Sunday, Oct. 13 is a critical fire condition day, with humidity dropping to as low as five percent. Gusty winds are prompting Decker Fire Incident Command to issue a Red Flag Warning beginning at 11 a.m. and lasting until 8 p.m. tonight.

Residents of the areas that were previously evacuated are urged to drive with extreme caution. Crews are continuing to backhaul hose line, pumps and portable water tanks from locations where the equipment is no longer needed.

The spot fires that popped up on Oct. 12, causing areas around Howard to be put on pre-evacuation status, as seen from Mt. Princeton Saturday afternoon. (Photos by Jan Wondra)

On Saturday, a spot fire near Simmons Peak at the southeast corner of the fire grew in size and intensity yesterday, raising smoke plumes that could be seen in Salida. The fire is burning in a high, remote area and is being monitored by Division W. The structure group will continue to monitor structures to the east in the Howard area and help with back-hauling equipment where it is no longer needed.

On the southeast area of the fire behind Methodist Mountain, Divisions A and X, continue to conduct helicopter water drops to help cool an interior fire that is consuming unburned fuel within the current fire boundary.

In the northeast section of the fire, Division T firefighters have initiated a large ground ignition operation along the edge of the Rainbow Trail fire line. Crews are working to burn a three-mile-long stretch, which will strengthen the fire line by removing fuels from between the fire’s edge and the line.

Helicopters continue to deliver bucket drops of water to help prevent the ignited fuels from crossing the Rainbow Trail.

Also, in Divisions A and X, firefighters have completed new sections of containment lines along the west edge of the fire. On Sunday, the ground ignition operation along the Rainbow Trail will continue as conditions become favorable. Crews will be working toward each other, moving in from both the north and the south. This effort involves multiple ground crews, engines, and support from aerial operations. Chipping operations will take place along CR 101, as part of the effort to disperse fuels cut along the contingency line.

The hoped-for precipitation from the cold front that moved through on Thursday did not materialize. Humidity has returned to 5-10 percent.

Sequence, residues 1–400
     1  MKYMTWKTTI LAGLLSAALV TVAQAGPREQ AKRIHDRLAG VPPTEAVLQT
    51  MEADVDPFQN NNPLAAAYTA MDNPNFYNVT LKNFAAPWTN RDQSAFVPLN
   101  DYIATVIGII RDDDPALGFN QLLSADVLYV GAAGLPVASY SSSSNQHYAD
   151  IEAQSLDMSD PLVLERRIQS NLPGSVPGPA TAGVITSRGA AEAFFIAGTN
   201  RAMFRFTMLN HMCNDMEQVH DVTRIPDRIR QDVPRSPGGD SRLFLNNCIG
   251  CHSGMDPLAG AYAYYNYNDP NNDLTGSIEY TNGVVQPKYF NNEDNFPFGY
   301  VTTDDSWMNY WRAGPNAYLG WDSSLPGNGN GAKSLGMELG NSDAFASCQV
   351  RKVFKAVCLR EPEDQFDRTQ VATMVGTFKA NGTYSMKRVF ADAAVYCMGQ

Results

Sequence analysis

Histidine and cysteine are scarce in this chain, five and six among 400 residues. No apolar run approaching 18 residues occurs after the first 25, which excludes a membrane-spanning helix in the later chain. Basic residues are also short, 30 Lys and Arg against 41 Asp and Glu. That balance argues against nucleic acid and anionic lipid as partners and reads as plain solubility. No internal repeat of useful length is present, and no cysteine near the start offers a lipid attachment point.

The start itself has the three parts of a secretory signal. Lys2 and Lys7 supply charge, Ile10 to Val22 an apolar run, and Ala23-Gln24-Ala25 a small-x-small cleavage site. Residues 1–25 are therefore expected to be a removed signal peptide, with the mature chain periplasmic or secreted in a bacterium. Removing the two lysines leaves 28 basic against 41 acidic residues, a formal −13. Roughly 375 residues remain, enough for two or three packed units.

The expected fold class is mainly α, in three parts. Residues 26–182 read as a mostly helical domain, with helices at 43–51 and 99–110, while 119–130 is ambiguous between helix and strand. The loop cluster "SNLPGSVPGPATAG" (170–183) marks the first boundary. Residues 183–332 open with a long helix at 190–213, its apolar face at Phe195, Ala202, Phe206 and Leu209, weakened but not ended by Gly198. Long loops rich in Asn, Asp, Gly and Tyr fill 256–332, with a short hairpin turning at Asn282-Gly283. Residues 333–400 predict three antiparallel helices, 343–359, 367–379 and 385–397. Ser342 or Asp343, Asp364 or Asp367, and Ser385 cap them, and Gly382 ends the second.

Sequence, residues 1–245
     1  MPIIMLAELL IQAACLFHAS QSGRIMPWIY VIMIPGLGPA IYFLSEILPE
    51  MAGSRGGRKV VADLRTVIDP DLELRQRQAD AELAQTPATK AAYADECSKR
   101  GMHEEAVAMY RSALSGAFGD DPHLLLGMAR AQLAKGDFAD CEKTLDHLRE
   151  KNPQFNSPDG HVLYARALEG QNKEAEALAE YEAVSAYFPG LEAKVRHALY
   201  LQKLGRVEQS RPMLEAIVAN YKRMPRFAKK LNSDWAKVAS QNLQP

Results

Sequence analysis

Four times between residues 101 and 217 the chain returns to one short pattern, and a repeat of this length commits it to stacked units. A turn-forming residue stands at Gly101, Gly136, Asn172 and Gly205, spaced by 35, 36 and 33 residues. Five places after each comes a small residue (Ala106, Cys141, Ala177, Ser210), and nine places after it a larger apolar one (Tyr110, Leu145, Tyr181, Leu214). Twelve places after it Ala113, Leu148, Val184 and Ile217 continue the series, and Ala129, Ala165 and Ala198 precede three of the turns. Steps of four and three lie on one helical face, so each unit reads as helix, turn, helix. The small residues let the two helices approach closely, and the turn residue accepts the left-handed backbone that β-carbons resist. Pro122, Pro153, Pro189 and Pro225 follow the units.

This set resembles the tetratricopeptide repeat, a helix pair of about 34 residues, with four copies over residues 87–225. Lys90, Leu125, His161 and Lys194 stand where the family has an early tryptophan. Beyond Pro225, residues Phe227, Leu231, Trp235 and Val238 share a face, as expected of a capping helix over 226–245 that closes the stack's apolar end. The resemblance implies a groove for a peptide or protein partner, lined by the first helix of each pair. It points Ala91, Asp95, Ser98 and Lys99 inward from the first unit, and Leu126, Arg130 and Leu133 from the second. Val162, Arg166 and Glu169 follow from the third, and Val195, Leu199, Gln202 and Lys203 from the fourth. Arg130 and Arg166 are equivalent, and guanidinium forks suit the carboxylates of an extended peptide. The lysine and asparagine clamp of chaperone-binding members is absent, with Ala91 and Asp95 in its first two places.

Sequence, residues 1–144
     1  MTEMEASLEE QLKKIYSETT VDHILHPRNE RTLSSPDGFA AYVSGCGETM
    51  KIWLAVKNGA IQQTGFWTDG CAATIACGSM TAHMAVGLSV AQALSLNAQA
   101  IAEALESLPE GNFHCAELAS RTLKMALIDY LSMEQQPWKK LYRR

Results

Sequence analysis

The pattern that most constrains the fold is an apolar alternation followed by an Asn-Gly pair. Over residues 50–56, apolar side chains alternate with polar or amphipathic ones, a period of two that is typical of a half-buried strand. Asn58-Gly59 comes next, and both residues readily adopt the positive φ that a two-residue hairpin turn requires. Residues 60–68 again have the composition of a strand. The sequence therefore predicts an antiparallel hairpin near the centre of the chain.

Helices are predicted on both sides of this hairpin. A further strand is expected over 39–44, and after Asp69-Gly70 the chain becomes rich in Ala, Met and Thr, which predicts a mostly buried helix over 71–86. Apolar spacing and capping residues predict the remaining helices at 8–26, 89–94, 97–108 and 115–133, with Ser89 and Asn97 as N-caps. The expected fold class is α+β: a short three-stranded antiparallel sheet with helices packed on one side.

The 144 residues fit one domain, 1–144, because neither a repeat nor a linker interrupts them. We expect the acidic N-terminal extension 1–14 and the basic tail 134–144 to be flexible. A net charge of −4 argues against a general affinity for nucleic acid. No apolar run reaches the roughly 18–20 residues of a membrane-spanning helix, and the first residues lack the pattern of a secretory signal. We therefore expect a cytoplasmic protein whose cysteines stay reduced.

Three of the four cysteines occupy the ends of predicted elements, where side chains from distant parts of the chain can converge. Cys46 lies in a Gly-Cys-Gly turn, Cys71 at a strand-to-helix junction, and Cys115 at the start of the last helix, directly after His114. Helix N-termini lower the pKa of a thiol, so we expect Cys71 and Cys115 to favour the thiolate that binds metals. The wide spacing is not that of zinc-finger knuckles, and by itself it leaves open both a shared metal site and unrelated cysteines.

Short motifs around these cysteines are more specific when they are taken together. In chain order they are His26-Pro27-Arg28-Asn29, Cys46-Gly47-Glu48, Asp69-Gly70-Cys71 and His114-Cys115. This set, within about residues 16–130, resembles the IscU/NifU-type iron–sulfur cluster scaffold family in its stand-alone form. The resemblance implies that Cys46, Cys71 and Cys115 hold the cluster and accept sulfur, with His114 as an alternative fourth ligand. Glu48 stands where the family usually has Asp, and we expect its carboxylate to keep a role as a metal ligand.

On the east, Division W, work will continue creating a new bulldozer line that will stretch further east from the division. While Division A, X and Division R  will be patrolling, securing the fire line, and doing mop-up and equipment backhaul on the north and west of the fire.

Incident command has confirmed that the weather forecast calls for high winds, low humidity and clear skies, with no precipitation in the forecast. It increases the probability of ignition of pockets of unburned fuel in and near the active fire.

Fire crews will also focus on executing what is called the “Fire Suppression Repair plan.” The plan is intended to restore, as much as possible, the natural conditions of vegetation, topography and viewshed. These tasks include a series of immediate post-fire actions taken to repair impacts on the land from fire suppression tactics. The repairs are intended to minimize the effects of soil erosion, transport of sediment into waterways and the negative impacts on wildlife, including threatened and endangered species.

The fire has consumed 7,326 acres and is now considered 30 percent contained. There is 755 Personnel in the Decker Fire Type 1 Incident Command. As crews reach their assignment length limits and rotate out, other fire crews rotate in.

The Decker Fire is divided into two Branches:

Branch I (on the northeast side by Salida) and Branch II (on the southwest side the San Luis Valley). Then subdivided into five divisions.

Branch I - Salida

  • Division T (northeast side by Wellsville)
  • Division R (north side by Salida)
  • Division W (southeast side by Howard)

Branch II - San Luis Valley

  • Division A (west side by Poncha Pass)
  • Division X (south side by Alder)